The Hard Way
Doing things the hard way is a luxury. It says to the world that we’ve beat evolution; intelligence is no match for technology and economy is no match for indulgence. We need only step a bit outside our bubble to realize the scale of the illusion, but nevertheless it has become reality for many of us who live our lives happily and fortunately in the middle and upper classes of the developed world where survival has nothing whatsoever to do with being the fittest.
One of the things that struck me within weeks of moving to the Pacific Northwest was the frequency with which people die here; not from disease (although Ebola can go fuck itself, pardon my francais) but from tucking into the wilderness for some weekend relaxation. The PNW has some of the world’s biggest cities, but most of it is untamed wilderness – including radical weather systems, cougars, rattlesnakes, bear, The Sasquatch, and possibly ManBearPig. This place will mess you up, son; your GPS or iPhone isn’t going to be your savior.
The first-hand experience of the realities of a system provides a more intimate learning tool than does the passive observation, although in an evolutionary sense the latter is the more effective method for the survival of a species; our ancestors learned to stay away from bees by watching the guy who drew the short straw poke at a hive and die from anaphylactic shock without needing to then poke at the hive themselves. Nevertheless the tangible nature of repercussions forges an indelible bond between action and result.
It is also interesting that complexity and abstraction are inversely bound; the more complex the system, the farther the user is removed from its operation. The simplicity of the friction downtube shifter is in sharp contrast to the complexity of an electronic drivetrain. My steel bike has friction downtube shifters, a fact that makes itself especially well known while climbing. To shift requires planning and skill; I have to find a part of the climb where I can be seated, unload the chain, and shift by feeling the chain as it slides across the block and listen for the telltale silence when the chain is securely seated back onto an adjacent cog. At that point, I’m committed to that gear until the climb grants me the next opportunity to shift. On Bike #1, I can shift under full load at my whim and without consequence. The artistry of shifting is lost, though I wouldn’t go back to downtube shifters on any bike I plan to ride seriously.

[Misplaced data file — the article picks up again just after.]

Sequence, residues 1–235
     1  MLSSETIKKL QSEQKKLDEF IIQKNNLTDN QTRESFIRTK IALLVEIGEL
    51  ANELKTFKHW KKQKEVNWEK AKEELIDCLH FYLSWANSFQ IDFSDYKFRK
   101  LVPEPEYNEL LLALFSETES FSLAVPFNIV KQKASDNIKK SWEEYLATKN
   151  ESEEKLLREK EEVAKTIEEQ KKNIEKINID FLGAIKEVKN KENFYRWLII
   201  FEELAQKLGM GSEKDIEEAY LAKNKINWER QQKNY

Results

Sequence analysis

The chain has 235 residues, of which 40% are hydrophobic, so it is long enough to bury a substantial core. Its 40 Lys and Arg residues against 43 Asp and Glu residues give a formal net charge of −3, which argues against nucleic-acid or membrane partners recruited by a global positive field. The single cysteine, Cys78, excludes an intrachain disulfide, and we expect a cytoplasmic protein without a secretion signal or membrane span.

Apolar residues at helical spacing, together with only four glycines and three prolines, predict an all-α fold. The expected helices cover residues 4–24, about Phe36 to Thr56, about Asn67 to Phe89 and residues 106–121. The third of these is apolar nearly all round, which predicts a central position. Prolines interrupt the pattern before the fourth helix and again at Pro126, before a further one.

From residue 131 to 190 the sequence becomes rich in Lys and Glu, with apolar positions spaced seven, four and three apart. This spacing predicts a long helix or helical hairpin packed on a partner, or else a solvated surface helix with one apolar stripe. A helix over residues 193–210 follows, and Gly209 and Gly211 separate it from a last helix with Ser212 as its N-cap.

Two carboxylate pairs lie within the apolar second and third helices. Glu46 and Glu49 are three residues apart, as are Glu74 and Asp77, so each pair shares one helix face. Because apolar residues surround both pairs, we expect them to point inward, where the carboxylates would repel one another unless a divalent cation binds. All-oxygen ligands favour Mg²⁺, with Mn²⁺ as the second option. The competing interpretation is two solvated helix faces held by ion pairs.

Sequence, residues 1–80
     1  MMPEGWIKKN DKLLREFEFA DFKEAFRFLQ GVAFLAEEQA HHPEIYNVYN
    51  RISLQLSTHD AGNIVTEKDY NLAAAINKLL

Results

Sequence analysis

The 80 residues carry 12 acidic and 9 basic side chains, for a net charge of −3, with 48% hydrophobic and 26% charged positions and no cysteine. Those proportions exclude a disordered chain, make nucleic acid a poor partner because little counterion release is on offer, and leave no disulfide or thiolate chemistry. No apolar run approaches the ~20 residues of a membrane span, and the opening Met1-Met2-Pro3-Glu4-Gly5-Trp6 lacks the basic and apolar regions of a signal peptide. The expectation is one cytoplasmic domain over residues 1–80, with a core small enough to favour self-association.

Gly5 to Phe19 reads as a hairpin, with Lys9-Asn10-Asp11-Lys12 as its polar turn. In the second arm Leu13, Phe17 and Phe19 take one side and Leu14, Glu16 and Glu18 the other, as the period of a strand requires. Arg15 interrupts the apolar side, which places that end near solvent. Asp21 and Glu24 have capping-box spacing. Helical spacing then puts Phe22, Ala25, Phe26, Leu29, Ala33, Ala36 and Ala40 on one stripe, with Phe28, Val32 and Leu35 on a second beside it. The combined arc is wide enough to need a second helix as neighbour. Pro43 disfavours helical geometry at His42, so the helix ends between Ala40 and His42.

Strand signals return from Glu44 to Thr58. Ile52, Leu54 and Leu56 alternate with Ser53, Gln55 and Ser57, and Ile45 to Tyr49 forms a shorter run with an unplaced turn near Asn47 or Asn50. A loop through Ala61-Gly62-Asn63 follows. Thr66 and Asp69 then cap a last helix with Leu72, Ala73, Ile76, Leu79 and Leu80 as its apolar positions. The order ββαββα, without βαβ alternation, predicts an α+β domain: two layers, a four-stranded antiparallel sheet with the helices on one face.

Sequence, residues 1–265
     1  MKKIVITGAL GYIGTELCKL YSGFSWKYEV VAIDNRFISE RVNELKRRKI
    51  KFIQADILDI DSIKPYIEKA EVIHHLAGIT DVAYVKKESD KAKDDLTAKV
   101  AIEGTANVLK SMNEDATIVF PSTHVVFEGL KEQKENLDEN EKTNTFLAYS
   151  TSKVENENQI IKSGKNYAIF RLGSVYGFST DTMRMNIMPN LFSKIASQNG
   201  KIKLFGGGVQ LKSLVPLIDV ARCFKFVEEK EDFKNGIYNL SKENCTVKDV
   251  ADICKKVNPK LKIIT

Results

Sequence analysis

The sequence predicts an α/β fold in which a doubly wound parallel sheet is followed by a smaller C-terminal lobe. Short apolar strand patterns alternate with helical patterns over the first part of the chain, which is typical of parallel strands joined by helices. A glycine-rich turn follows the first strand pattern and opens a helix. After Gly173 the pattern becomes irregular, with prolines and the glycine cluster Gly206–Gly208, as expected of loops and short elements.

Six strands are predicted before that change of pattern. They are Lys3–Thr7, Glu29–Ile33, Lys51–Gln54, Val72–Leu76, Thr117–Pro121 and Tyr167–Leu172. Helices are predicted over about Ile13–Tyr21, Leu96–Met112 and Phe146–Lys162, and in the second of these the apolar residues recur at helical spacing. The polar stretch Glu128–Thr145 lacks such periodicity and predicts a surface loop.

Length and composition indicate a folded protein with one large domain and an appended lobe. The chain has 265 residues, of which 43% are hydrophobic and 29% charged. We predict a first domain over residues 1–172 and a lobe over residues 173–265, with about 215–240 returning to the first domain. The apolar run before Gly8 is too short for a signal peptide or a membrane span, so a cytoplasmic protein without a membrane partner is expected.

I love the contrast of evolution and tradition in the modern racing bicycle, with carbon tubulars being perhaps the most fitting contrast where the most modern technology is dependent on the oldest form of affixing a tire to a rim. Gluing on a set of tubular tires is no longer a necessary skill in our sport with good clinchers being readily available. Gluing tubs takes time and careful attention, two things that are in short supply in our modern society. But to glue on a set of tires brings you closer to the machine and from where our sport has progressed. To build a set of wheels does so even more, and I imagine building a frame by hand builds the ultimate bond to our history.
We live at a time when the things that are irrelevant to survival take on their own crucial importance; we return to tradition in order to remember where we came from so we may understand where we are going. Doing things the hard way is a beautiful way to remind ourselves of the history that built the luxuries we surround ourselves with.